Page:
When we brainstorm brand names, it’s not uncommon for our team to come up with 1000 name ideas. The percentage of these names that actually make it through trademark screening and onto our presentation deck for our clients is around 5%. When writing down a list of names, stay positive and write down anything and everything that comes to mind. Your list should include everything from hate to great, but why? Sometimes beauty is made from the ashes of names that should be banned and burned. Brainstorming brand names is a transformational process. What started as one line of thinking can quickly morph into a completely different path of brainstorming that yields hundreds of names of all shapes and sizes. There have been countless naming projects where we have taken the concept or portion of a terrible name and created something that was a perfect fit for our clients. Take negativity and criticism off the table and allow creativity to flow!
2. Explore Greek and Latin root words, suffixes, and prefixes.
Around here, we like to do “word surgery”. Getting creative with naming means taking liberties with language by cutting up words, rearranging parts, adding prefixes and suffixes, dissecting root words, and coming up with every combination in-between. Exploring lists of Greek and Latin root words, as well as prefixes and suffixes, is a great place to start your own word surgery, especially when you need a made-up name. Amfac Parks & Resorts needed a new name for their new travel collection. “Xanterra” (Zanterra) was the winning name which came from the latin root for earth, “terra” and “xan” from Xanadu which means “an idealized place of great or idyllic magnificence and beauty”. The result? A truly unique and aspirational name.
3. Use some handy tools.
Thesaurus: When brand naming, having a thesaurus handy is an absolute must. How many different ways can you say that one super important word or value you want to communicate in your name? Only a thesaurus would know. In addition to providing synonyms, an online thesaurus can also give you definitions, antonyms, and related words to expand your thinking and naming options.
Synonym Trees: More visually oriented? Some websites identify synonyms for you and put them into visual maps that look like branches coming out from the word that you search. These “trees” tend to group sets of synonyms into like-categories to make it easier for you to consider your options.
Word-part searches: Sometimes you just need words ending in “-oid” or starting with “Pro-.” There are free tools out there that do this for you. WordHippo.com even allows you to search for independent letters or exact letter combinations inside of a word (also a great tool for Scrabble or Words With Friends, if you’re a cheater).
4. Think metaphorically and symbolically.
One of the more difficult but valuable brand naming strategies we use is metaphorical and symbolic thinking. A thesaurus can only go so far until you need to start thinking more abstractly to find that word or concept that indirectly relates to your company or product while also conceptually or symbolically capturing the essence of what you’re trying to convey. A good example is the website “Honey” which has, in the last few years, become the go-to resource for automatic coupon and promo codes for online shopping. What does the word “Honey” have to do with online shopping and discounts? Everything. We can harvest and enjoy sweet honey in just minutes, but poor worker bees spend countless days and hours cultivating it in their hives. Just like these bees, Honey does all of the hard work for you by finding as many codes and discounts as possible so you can enjoy savings in seconds, automatically applying them to your online shopping cart. “Honey” isn’t a word you’ll find in a thesaurus when you’re looking up “savings”, but the symbolic concept is easily understood and the name is widely loved for all of the positive associations that go along with it.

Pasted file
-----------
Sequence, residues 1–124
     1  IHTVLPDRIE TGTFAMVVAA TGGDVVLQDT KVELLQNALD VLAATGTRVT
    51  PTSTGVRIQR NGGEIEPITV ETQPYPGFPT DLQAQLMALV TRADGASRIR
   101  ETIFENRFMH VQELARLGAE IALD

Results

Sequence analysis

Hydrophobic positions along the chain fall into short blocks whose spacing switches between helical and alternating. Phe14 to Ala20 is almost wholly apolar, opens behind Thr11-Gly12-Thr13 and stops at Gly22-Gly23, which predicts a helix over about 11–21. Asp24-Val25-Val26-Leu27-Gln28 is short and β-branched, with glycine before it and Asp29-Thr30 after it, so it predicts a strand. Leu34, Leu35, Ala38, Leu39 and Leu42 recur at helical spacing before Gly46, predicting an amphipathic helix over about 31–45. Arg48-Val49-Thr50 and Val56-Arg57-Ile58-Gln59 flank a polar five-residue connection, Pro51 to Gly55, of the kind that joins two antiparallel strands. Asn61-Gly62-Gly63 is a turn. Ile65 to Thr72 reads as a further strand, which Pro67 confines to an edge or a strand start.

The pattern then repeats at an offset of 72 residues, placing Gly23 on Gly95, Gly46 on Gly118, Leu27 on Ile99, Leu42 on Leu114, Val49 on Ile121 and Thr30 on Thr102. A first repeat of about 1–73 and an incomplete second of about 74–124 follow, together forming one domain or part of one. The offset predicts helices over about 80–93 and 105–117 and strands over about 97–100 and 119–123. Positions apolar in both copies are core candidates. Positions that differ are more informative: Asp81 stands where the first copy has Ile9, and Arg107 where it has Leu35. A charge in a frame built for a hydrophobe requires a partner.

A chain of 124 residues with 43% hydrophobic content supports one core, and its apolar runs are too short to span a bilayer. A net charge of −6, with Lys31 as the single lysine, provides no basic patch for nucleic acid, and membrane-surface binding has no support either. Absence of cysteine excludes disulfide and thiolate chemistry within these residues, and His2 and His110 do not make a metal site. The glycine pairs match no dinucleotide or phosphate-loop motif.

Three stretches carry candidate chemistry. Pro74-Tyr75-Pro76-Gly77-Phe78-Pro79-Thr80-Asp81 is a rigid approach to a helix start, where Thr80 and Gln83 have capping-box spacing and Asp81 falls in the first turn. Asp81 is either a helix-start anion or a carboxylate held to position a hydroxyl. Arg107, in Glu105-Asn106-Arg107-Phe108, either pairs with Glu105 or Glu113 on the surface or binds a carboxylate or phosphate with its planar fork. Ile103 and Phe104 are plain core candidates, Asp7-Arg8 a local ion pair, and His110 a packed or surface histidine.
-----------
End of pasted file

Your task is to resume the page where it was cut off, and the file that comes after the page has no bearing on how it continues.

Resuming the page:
5. Explore idioms, puns, and wordplay.
You know those strange idioms, play on words, and ridiculous puns your dad always says? When it comes to brand naming, you’ll want to pick up the phone and thank him for being so “punny”. NameStormers recently completed a project for the American Association for the Advancement of Science (AAAS), wherein they named a new digital science newsletter “Science on Tap”. The name was targeted at millennials and chosen for its double entendre, making science news seem easy to obtain and fun to imbibe. To take it one step further, NameStormers also helped a mobile health screening start-up to brazenly name their new venture “HealthYES!” The two founders wanted a name that took anxiety out of preventative screening, was obviously related to healthcare, but also stood out and connected quickly with prospective patients.